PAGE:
Most people can agree that kids on slippery saucers careening down an icy hill at upwards of 25 miles per hour can be dangerous.
According to the Center on Injury Research at Nationwide Children’s Hospital in Columbus, Ohio, more than 20,000 kids younger than 19 are treated for sledding injuries on average each year. Injuries often occur when the sled hits a stationary object or the child falls off. That’s why parents would be wise to purchase sleds that can be controlled with a steering mechanism and brakes.
If you are planning on taking the kids to the local hill, don’t just drop them off, especially if they’re under age 10. Stick around while they sled, make sure all sledders wear a helmet – sledding injuries often include skull fractures – and be sure to share these important guidelines with them so they can enjoy tobogganing and sledding safely.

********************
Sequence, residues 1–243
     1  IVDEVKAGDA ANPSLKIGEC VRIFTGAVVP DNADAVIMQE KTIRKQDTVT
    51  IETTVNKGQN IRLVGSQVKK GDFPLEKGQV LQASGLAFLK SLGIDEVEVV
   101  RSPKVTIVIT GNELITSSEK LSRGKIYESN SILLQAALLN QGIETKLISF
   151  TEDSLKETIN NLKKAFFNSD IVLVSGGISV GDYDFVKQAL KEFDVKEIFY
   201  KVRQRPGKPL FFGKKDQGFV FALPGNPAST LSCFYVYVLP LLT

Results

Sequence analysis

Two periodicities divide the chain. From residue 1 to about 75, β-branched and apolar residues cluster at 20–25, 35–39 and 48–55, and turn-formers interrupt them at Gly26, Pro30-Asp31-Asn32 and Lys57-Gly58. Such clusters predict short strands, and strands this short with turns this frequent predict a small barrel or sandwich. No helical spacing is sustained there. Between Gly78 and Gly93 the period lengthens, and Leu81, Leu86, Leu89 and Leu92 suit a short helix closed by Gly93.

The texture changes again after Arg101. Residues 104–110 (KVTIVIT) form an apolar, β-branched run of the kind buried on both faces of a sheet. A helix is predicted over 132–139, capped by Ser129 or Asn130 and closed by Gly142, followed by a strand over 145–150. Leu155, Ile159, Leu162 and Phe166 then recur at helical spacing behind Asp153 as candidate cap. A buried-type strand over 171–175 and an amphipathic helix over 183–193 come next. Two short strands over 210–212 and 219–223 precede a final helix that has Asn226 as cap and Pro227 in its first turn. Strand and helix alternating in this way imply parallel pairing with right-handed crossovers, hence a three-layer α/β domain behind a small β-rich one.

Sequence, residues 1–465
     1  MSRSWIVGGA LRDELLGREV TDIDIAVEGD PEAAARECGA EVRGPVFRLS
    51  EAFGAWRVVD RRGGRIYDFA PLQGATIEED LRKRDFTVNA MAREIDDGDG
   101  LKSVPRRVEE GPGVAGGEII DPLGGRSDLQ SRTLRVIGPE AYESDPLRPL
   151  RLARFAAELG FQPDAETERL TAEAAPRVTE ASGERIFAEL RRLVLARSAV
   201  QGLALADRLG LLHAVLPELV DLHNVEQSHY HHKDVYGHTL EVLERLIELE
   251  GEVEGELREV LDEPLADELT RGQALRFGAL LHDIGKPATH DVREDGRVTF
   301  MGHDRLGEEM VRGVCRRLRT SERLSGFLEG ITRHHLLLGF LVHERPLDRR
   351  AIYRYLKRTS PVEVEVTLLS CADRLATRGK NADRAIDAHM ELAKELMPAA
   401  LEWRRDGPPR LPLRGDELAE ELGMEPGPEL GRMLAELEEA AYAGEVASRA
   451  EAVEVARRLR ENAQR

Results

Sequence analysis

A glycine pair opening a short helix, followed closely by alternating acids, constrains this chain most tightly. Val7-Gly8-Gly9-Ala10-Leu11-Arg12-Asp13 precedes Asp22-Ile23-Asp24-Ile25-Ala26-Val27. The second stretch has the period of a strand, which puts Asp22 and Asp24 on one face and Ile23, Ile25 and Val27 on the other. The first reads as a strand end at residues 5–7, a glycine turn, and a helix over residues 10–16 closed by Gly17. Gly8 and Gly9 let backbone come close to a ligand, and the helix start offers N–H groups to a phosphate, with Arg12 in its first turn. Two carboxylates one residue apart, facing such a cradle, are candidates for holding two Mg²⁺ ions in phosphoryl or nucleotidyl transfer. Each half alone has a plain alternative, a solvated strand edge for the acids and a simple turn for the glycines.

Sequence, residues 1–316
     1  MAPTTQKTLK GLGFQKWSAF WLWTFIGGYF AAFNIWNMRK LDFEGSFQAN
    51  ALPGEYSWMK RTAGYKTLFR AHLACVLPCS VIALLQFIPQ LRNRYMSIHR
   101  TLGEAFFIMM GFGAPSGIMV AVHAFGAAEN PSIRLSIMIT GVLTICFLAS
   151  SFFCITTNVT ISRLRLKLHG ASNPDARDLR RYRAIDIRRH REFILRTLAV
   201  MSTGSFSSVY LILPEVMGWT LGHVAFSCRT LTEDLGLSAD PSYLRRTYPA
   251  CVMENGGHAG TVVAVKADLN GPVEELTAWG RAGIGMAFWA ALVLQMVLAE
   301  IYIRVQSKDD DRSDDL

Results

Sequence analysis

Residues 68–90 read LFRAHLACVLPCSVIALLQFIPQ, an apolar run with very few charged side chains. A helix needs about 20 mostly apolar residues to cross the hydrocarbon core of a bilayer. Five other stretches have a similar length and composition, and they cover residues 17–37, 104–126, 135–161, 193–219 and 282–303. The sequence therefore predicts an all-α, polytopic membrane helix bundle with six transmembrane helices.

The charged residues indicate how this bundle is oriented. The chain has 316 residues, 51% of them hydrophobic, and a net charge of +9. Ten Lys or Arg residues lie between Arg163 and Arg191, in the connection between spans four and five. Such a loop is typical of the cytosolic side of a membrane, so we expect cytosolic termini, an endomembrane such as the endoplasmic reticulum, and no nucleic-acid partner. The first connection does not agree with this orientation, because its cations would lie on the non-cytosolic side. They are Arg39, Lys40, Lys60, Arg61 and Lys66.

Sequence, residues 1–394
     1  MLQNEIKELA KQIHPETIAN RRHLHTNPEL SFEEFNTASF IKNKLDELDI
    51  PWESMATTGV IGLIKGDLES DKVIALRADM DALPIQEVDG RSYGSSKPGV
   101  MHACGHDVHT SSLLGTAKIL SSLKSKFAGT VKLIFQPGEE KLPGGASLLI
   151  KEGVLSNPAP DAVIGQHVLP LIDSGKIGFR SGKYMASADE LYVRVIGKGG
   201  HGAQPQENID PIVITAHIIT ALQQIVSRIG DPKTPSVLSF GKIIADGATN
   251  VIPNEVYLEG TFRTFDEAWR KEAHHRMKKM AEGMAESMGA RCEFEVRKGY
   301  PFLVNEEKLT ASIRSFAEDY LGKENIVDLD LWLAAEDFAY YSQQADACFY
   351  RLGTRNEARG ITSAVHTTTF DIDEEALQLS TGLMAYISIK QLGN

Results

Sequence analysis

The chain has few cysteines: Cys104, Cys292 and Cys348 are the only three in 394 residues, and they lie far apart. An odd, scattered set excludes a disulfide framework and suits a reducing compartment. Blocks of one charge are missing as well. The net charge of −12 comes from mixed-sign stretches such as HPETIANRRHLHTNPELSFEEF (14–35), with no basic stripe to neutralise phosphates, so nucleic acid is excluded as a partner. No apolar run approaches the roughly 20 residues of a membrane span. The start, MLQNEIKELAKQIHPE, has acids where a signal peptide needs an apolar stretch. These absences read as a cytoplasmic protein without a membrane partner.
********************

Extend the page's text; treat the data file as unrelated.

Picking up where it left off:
- Make sure all equipment is in good condition, free of sharp edges and cracks
- Sled on spacious, gently sloping hills with a level run-off at the end so the sled can safely stop
- Check slopes for bare spots, holes and obstructions, such as fences, rocks, poles or trees
- Do not sled on or around frozen lakes, streams or ponds
- Riders should sit or lay on their back on top of the sled with feet pointing downhill; never sled head first.
- Dress warmly, and wear thick gloves or mittens and heavy boots to protect against frostbite and injury
Think through a safety plan before the next snowfall. When kids see snow on the ground and a slope nearby, they’ll be itching to head out the door. Remember that awareness of surroundings and sticking to safety guidelines do not take away from the thrill of sledding, but a trip to the hospital most likely will.
SOURCE: National Safety Council